GUEST POST: Disconnect in the Classroom

GUEST POST: Disconnect in the Classroom

By Blake Harvard

Blake Harvard is a high school AP Psychology teacher at James Clemens High School in Madison, AL. He earned his B. S. and M. Ed. from the University of Montevallo. Blake has a particular passion for cognitive psychology and its application in his classroom. You can find him on Twitter @effortfuleduktr. Blake previously contributed a guest post on problem solving, another guest post on biases, and recently started his own blog, The Effortful Educator.

Our very first blog post was about the communication breakdown between research and practice in education. Over the past year and a half, we feel that we have learned a great deal about science communication, though of course we have a lot more to learn. Today, we thought we would feature a guest post from a teacher giving his perspective on the same issues we raised in the original post.

The other day on Twitter, I found myself reading through a somewhat comical conversation among a few edu-twitterers/teachers/researchers concerning the compilation of education research:

Tom Sherrington (@teacherhead) made a comment that these compilations must help because most teachers would not be able to search for this information via researchers’ names. I agreed and commented that most teachers know the education buzzwords, but few know the researcher(s) behind the buzzword. Following my comment was an absolute peach from Stuart Kime (@StuartKime):

So simple. So profound. Dr. Kime’s words have continued to ring through my head all day, and they speak of an important question that occasionally rears its head on edu-twitter:

How do we connect the classroom teacher with the research?

#ScotEdChat covered this very subject a few weeks ago. Please click on this link, which will take you to tweets under the #ScotEdChat hashtag on the date of the relevant chat, and read back over the chat…it includes some really great questions posed and a wonderful conversation.

Getting back to the above question; how do we connect the teacher and the latest research? What are the barriers? Here are some of the barriers I see:

Time

Image from Pixabay

Image from Pixabay

For most, this is probably the biggest barrier. Teachers are continually asked to do more with less. They have duties that are barely connected to the classroom but have to be completed. They must compile lesson plans, host study sessions, tutor those who have fallen behind, lead that committee, coach that team, et cetera. That leaves the teacher with very little time to find research, read research, summarize research, and determine what should be applied to his or her classroom and students.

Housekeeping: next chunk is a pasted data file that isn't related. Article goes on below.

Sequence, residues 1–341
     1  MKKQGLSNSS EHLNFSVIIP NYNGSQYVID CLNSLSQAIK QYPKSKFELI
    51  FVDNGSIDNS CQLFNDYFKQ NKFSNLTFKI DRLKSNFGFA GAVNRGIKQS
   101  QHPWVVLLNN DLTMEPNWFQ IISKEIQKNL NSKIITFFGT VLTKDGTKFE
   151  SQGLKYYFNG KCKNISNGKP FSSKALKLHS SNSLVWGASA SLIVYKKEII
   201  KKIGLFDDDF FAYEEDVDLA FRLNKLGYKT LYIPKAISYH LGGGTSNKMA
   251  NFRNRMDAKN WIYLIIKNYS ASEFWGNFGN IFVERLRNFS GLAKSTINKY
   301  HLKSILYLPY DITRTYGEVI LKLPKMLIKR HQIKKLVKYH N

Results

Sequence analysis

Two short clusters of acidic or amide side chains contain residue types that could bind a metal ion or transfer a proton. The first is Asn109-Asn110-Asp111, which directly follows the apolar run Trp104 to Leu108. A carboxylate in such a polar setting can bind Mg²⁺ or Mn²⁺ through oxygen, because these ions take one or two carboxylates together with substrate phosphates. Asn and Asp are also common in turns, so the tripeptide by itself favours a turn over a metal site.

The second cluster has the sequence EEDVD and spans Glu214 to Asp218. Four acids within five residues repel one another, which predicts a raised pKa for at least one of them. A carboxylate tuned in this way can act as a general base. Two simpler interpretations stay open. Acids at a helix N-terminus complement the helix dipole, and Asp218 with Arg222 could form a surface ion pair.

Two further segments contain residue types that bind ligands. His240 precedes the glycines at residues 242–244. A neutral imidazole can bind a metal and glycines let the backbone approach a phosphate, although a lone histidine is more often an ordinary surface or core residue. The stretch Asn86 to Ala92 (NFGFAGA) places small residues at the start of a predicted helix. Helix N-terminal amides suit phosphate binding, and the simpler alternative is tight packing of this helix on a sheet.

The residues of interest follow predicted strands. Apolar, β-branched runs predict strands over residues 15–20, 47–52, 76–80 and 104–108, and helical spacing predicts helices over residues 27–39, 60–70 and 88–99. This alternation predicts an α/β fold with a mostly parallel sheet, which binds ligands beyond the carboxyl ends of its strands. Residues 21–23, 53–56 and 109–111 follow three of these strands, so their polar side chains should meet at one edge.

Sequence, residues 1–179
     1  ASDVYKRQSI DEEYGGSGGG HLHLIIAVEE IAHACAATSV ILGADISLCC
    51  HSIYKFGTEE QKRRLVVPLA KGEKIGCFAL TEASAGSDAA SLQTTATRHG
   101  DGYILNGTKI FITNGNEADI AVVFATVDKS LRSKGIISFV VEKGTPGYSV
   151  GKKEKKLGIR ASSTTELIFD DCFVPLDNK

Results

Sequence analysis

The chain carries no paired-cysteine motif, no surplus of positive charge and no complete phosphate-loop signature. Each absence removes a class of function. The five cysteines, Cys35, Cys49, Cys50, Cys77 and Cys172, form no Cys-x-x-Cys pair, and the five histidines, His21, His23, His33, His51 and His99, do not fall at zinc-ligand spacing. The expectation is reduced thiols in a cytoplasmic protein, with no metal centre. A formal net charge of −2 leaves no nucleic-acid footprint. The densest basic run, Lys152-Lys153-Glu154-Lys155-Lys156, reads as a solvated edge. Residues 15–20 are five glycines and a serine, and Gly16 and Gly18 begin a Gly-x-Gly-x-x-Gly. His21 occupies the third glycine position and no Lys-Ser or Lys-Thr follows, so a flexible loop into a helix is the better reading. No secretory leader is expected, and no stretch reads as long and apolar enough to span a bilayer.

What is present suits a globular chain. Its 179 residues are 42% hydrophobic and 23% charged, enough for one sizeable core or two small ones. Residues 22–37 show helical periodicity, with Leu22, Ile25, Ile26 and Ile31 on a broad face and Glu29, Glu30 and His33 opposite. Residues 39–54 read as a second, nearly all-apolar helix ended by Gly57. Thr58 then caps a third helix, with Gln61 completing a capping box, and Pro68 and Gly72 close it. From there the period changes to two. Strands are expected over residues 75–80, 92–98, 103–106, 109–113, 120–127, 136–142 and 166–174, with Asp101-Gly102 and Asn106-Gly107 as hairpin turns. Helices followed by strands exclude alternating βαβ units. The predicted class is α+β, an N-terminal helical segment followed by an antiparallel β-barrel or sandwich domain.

Finding the Research

Image from Wikimedia

Image from Wikimedia

For me, this is the most frustrating issue. I actually like hunting down the latest studies. I like reading through what can be very technical writing and contemplating how it could be helpful in my classroom…But most of the time I am denied access to journals and their articles by publishers. Why? Because I’m not a student at university or professor at a university…in other words, because I am “only” a high school teacher, I am not allowed access (university students and professors typically have access through their library, which buy expensive subscriptions to academic journals – a distribution model that has previously been questioned on this blog). I have written to and tweeted to ResearchGate many times asking why this is so, but I have never received a reply. It just makes good sense to me to allow classroom teachers access to the latest research. Again, this is quite frustrating to me…I’m frustrated now just writing this.

Distinguishing What’s What

Image from Pixabay

Image from Pixabay

As I mentioned above, sometimes these journal articles can be quite technical. It really takes a lot of practice to understand the flow of articles, and even more practice and a keen eye to translate what is being written into more manageable vernacular. But, getting back to my previous point, it’s hard to practice reading the research when you don’t have access to it.

Certainly, there are more barriers than this, but these three stand out the most to me.

So, how do we overcome these barriers?

One way, I believe, is through blogs and website that compile the research. These one-stop-shops for teachers can help to remove a lot of the above-mentioned barriers. Two of the best compilation sites I’ve seen are:

  1. The 3 Star Learning Experience run by Paul A. Kirschner and Mirjam Neelen. See in particular their list of seminal papers in educational psychology.
  2. Huntington School Website, which includes a wealth of research-related information – for example, this set of resources will help you get started on a long reading journey.

This blog itself is another resource that has been of utmost importance to me as a teacher who focuses on evidence-based instruction.

A last resource I’ll mention concerns workshops for those teachers who want to learn about the latest research. The organization researchED (@researchED1 and @researchEDUS) provides workshops around the globe with the explicit goal of discussing the latest in evidence-based research.

As a high school teacher, I feel it is partly my duty to find the most applicable evidence-based practices for my students. I cannot rely on a yearly faculty book study or hearsay. Often times, once information has trickled down that way, it’s outdated. Teachers and students deserve access to this research and time to read through and discuss ways to apply it in the classroom. This is where it has to be done to be most effective and have the greatest impact across cultures around the world.

An earlier version of this post appeared on the Effortful Educator blog.


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